But it's kind of like a lose-lose situation for both, because queer people have to resort to, "Oh, I have to be straight to society," but at the same time, straight people are just here antagonizing everybody. And it's not getting any better because we had a huge election this year, and when new government is elected, which, by the way, a lot of queer people voted for, a lot of people thought we were going to be progressive, we were going to step to the right direction, but that doesn't seem to be the case. There are a lot of bars and gay clubs that have been shut down recently, they did a huge crack down on that and it's just not a good year for queer people [in Malaysia]. But then again, I find it really interesting because for the past two years, I have only exclusively surrounded myself with queer people. I have one token straight friend.
"[Malaysia is] a really dangerous place. But it also serves as a message that us queer people should really stand up for what we fight for."
Me too! But what are some of the consequences there for being out?
Well, the last two years [since launching my music career] I've been living in this safe space and I live in this cute little bubble with myself, nobody can touch me. So, when I read the news, for example, this guy getting murdered and raped just because he looked effeminate, or a trans woman being assaulted, that's when I realized, "Okay, yeah this shit is not good in Malaysia." And it's really complex as well because Malaysia is a majority Muslim country, so it's just a matter of time before we have to bring up the conversation of integrating religion and LGBT+ communities together and be inclusive. It's very difficult to do it here, so I find that to be really interesting. I don't have any answers to it to be honest, I'm still trying to figure that out — and my friends, too!
I'm not Muslim but my Muslim friends are trying to figure that out as well. And I feel really sorry for them because they have this identity crisis. Imagine growing up as a Muslim, but you also start to explore your sexuality. Those two usually don't really coincide in Malaysia. That's a huge struggle for a lot of people here. I realize that once I step out of this bubble I'm in, it's a really dangerous place. But it also serves as a message that us queer people should really stand up for what we fight for. I guess that's why I never hold myself back in terms of my sexuality. I remember the first time that I performed, I wasn't planning to talk about my ex, but I brought it up, and everyone [in the queer community] was like, "Oh my god, gay icon!" And I'm like, "Okay, this is great." People were accepting me on the very first day. I'm really grateful for that, because I think if it wasn't for that I would probably hold myself back more. I remember performing in Singapore and bringing pride flags with me, parading around. I did that again when I opened for Sevdaliza this year, and that just felt so fucking liberating. People who listen to my music have my back.
Photography: Julia Lowe
It's enlightening talking to you about this, because I believe Americans have a very different view of LGBT+ rights and visibility. Imagine how hindered we'd be if the entire culture still discouraged being out.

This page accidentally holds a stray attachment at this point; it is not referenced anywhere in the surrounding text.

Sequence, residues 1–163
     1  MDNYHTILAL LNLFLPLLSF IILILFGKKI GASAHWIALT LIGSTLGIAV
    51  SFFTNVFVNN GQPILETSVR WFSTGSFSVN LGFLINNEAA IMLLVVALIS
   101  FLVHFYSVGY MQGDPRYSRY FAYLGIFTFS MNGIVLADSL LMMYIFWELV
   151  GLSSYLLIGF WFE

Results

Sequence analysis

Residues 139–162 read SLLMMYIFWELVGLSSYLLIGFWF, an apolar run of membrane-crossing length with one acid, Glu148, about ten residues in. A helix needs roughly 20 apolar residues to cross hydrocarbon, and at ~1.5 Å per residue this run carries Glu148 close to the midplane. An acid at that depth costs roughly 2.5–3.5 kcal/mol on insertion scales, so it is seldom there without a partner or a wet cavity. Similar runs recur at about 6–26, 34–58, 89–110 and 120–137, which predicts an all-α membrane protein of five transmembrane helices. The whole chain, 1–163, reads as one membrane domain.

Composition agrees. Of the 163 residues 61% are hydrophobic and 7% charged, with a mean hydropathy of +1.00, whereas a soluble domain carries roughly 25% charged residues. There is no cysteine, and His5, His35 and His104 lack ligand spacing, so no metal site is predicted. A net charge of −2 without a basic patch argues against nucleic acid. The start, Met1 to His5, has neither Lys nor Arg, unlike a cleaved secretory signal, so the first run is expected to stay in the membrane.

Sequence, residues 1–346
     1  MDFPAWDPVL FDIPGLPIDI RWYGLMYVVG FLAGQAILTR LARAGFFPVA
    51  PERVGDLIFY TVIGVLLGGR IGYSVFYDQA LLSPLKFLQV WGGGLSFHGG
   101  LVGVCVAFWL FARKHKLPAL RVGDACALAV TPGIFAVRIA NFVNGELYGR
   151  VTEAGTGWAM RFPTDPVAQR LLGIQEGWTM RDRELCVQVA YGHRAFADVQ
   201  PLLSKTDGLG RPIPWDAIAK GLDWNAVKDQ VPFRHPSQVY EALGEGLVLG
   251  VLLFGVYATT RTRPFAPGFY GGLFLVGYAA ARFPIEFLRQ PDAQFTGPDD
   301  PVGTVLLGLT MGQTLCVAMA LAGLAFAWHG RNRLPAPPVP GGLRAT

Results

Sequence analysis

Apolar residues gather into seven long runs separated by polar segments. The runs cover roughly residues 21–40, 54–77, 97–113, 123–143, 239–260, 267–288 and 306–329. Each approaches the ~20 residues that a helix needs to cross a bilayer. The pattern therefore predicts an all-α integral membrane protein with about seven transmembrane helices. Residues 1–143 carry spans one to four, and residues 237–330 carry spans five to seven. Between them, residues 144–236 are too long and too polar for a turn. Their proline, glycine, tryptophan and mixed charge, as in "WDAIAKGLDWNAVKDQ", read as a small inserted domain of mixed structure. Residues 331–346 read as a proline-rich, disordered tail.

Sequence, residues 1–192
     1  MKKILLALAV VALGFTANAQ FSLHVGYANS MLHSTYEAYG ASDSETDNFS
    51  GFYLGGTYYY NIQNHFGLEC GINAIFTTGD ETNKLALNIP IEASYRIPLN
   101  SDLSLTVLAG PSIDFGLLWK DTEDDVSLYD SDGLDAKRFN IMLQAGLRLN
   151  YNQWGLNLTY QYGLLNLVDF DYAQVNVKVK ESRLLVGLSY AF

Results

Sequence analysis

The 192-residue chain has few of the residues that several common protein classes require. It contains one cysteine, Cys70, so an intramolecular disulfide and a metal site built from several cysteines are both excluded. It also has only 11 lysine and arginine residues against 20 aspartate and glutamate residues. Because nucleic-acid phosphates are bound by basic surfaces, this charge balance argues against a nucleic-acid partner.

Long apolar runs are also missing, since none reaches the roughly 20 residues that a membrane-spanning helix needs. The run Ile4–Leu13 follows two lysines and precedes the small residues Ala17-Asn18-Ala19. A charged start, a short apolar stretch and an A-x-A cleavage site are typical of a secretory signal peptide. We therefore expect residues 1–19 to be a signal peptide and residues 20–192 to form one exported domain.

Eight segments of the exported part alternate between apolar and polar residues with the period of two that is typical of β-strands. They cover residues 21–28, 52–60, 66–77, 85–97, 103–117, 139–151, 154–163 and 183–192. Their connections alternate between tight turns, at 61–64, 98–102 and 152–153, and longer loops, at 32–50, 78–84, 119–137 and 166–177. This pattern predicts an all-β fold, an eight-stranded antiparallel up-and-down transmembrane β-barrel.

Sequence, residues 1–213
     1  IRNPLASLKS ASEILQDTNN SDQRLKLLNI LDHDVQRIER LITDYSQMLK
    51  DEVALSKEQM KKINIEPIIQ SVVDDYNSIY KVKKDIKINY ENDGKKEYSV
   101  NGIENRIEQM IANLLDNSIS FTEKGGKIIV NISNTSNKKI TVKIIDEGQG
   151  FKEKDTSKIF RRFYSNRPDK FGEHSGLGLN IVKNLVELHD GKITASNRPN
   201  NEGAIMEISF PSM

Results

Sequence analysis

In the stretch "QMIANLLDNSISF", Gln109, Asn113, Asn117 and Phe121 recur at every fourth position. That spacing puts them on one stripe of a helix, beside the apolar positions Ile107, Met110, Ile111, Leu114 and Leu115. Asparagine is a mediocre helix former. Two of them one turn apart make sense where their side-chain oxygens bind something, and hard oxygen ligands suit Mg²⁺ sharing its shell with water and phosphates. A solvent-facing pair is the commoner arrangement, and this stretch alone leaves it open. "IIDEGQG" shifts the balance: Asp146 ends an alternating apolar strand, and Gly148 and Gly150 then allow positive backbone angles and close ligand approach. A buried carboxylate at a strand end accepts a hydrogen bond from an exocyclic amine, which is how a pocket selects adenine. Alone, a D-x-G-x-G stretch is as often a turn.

Absolutely. Your definition of LGBT+ rights are is very different compared to places like Malaysia and Indonesia. It's on another level, and we're [both] literally living in the same time, but I feel like we're trying to wait for somebody to fucking throw the first brick at Malaysia's Stonewall, or something. It's probably going to happen sometime soon, not gonna lie. It is tense right now. In Singapore, they're trying to appeal a repeal of Section 3778 which criminalizes sodomy. Same thing in Malaysia, and fun fact: it's actually a left-over colonial law from when the British ruled. I can't believe we're still using a Draconian law over here in Malaysia.
A law from the colonizer. That's so horrifying.
Exactly, a law left over from the colonizers. In history, queer people are born here. Even in Asian history, you can see in Hinduism, you can even see in Malaysia but it's really sad that people in the government are trying to erase that part of us, acting as if this is some liberal disease, as if they have the cure for the beginning of time.
"Being out is probably my only weapon against the government. If my voice and my songs don't do enough, then my existence does."
What I also find interesting is how committed you are to staying there and supporting your community. It seems that you've had to take great measures to be yourself, but also to protect yourself.
Yeah. I'm really toeing the line right now, and I'm really surprised the government's not spying on me, because I did a lot of questionable things. The more I do it, the more powerful I feel. And also, it's a great statement to make, especially in this climate when a lot of LGBT+ communities are in jeopardy. Being out is probably my only weapon against the government. If my voice and my songs don't do enough, then my existence does. Being onstage telling people,"Look, there's a Southeast Asian queer artist and he's just like everybody else." That message alone makes me feel really humble.
How does your family feel about you being out and making pop music?
First they were like, "What the fuck are you doing, I asked you to stay in school." And I was like, "Okay, you know what Dad, I'm just not going to tell you anything from now on," and so I didn't tell him anything for a year, and after alextbh started gaining a little bit of traction, my parents were like, "Oh gee, maybe you should do this," and I'm like,"See, bitch? I told you."
Main photo: Wanjie